Dating a Spaniard meant I got to try so many authentic Spanish dishes whether they were home-cooked meals or found at the best Spanish restaurants.

Also, China! I loveee authentic Chinese food. Bok choy is one of my favorite vegetables and a lot of dishes in Shanghai included it. Breakfast is my favorite meal of the day and in China, breakfast happens to be viewed as the most important meal so many people will eat a large ‘dinner’ style meal as their first meal of the day. For that reason, I loved switching up my meal order each day and the breakfast foods were all so delicious!

WHAT WAS YOUR LEAST FAVORITE COUNTRY?

I have yet to visit a country that I truly hated. I don’t really even like this question because bad experiences are so subjective. Oftentimes they boil down to things like individual encounters, bad luck, pure chance, timing, or your own mindset while visiting.

In other words, two people could go to the same place at the same time, and leave with totally polarized opinions because there are so many factors at play. That is why I wouldn’t want to label any entire country as a place I hated when the reality here is that it would probably be more of a me problem than them.

Anyway… I will say that my visit to Warsaw, Poland in September 2018 was my least favorite trip I’ve been on… HOWEVER, I did stay there for almost four weeks and by the end of the trip… leaving did feel bittersweet and the city had grown on me. I actually do miss a lot of things from that trip, I had just started it off on a bad note. If given the chance, I would return to Warsaw.

WHERE DO YOU MOST WANT TO VISIT?

Good question! I’ll give you my top 5:

I really want to go to India because I love their music haha. T-Series fans, where you at!?! Honestly, this is super random but my top songs on Spotify for the last 3+ years have always been a mix of popular songs from India haha. Also, gajar ka halwa… need I say more?

Next up, Panama and Costa Rica for their wildlife and BIRDS!!! 🦜

Japan because their cities are so futuristic, yet their culture and small villages appeal to me just as much for their serenity! I love sushi, love anime, and I am an avid Studio Ghibli fan so a trip to Japan feels like it’s one of those things that just… needs to happen.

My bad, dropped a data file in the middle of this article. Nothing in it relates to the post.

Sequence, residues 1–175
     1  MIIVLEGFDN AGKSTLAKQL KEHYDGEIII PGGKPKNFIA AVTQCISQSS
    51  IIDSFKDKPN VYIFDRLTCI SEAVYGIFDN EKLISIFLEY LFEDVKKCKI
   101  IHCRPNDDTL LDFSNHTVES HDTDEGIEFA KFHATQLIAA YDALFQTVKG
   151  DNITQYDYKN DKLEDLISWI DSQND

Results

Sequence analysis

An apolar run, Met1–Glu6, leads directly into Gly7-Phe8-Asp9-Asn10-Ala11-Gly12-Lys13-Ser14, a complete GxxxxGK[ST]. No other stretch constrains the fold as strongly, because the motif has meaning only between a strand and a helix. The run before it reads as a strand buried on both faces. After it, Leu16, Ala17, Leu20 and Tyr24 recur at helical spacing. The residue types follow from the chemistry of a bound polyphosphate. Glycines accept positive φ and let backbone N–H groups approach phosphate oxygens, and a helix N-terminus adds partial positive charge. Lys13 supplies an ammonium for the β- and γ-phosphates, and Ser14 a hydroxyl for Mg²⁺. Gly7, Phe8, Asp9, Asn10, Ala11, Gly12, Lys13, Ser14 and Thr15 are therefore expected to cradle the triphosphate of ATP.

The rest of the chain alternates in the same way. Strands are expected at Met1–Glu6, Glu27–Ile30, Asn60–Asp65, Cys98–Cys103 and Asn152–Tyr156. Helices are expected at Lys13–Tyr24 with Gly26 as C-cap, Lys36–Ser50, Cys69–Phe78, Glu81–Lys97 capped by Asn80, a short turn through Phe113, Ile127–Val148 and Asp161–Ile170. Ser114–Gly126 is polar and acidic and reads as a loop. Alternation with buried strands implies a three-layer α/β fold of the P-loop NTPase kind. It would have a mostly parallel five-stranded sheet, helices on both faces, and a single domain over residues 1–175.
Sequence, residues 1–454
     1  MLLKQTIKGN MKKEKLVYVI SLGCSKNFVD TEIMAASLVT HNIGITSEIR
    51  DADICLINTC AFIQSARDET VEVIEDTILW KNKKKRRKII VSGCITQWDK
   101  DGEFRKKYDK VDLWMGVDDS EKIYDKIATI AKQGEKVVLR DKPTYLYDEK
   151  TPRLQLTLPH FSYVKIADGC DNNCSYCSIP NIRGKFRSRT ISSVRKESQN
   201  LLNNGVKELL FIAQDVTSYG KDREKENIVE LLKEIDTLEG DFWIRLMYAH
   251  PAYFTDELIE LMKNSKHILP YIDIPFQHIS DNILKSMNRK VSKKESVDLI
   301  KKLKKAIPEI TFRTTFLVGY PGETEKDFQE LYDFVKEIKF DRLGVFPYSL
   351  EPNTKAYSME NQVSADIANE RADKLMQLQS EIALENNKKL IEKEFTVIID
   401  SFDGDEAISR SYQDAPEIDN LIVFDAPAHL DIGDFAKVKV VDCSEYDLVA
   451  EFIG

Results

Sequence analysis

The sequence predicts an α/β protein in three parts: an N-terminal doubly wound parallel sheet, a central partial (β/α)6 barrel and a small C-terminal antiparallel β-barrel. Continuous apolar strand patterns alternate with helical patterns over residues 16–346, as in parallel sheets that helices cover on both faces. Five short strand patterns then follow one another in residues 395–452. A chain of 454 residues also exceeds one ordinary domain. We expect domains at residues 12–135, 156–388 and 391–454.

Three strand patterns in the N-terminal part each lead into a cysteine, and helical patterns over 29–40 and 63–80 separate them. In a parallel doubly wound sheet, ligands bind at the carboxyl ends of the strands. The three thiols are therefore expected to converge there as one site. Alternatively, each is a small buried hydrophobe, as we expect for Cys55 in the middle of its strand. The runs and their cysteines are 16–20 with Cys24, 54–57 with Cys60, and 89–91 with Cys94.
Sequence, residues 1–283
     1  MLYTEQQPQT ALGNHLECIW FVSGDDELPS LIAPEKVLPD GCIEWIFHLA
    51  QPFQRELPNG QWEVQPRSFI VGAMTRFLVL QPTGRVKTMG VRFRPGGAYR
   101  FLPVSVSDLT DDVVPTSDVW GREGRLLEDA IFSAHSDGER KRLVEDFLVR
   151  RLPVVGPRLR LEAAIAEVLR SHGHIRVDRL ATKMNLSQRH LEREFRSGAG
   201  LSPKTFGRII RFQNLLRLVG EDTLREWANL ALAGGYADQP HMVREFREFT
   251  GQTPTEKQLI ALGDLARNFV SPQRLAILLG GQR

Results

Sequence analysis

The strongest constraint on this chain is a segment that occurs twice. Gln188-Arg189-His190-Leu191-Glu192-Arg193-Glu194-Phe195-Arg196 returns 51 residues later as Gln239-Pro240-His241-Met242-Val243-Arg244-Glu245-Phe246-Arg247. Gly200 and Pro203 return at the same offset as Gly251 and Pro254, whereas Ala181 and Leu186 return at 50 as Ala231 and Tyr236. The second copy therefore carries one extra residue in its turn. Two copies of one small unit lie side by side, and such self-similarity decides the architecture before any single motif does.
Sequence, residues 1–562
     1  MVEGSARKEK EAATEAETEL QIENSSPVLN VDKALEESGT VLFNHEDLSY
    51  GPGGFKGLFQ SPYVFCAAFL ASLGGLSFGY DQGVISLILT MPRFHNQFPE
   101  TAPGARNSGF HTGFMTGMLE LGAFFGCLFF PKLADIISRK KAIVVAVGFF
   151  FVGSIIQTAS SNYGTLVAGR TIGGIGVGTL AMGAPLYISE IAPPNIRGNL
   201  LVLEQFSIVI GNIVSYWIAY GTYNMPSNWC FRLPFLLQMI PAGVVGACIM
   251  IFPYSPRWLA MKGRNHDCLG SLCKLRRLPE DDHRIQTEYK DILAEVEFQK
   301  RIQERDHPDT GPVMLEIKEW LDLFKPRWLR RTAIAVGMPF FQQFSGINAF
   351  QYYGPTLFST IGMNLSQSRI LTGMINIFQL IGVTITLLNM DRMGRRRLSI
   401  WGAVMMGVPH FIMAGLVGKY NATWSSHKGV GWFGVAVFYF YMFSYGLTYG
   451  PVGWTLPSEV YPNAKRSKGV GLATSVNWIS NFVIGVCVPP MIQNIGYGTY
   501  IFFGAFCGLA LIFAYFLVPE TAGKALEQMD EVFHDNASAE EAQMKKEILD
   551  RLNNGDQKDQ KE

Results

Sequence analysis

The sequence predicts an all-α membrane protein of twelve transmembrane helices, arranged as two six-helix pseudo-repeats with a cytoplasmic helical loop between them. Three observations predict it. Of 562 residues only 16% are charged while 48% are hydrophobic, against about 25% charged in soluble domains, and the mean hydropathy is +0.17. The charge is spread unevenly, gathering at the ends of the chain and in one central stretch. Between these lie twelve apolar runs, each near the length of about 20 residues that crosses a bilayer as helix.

Finally, Tanzania because The Rocky Safari wants to experience a real life, African safari!!!

WHICH COUNTRY DID YOU TRAVEL TO FIRST?

I started by traveling to Athens, Greece.

This blog post published in 2018 shares a glimpse into my mindset while I was planning my very first solo trip! You can read that post here: About my blog and my plans for the future.

WHERE ARE YOU GOING NEXT?

I wish I could tell you… I don’t know yet.

Making plans during the pandemic has been rather unappealing for me. For the longest time, making plans wasn’t even possible because the whole world was in lockdown. Now it seems many countries have reopened their doors and while I personally know many people who have resumed traveling, the thought of traveling internationally with everyone masked, concerned, socially distanced, and at a notably heightened risk of severe illness… it couldn’t appeal to me any less right now.

I think I’m going to wait until things normalize a bit. When that time comes, my next trip will probably be booked somewhere in South America.

WHY DO SO MANY STRANGE THINGS HAPPEN TO YOU WHILE TRAVELING?

Strange things have always had a weird way of targeting me… my whole life.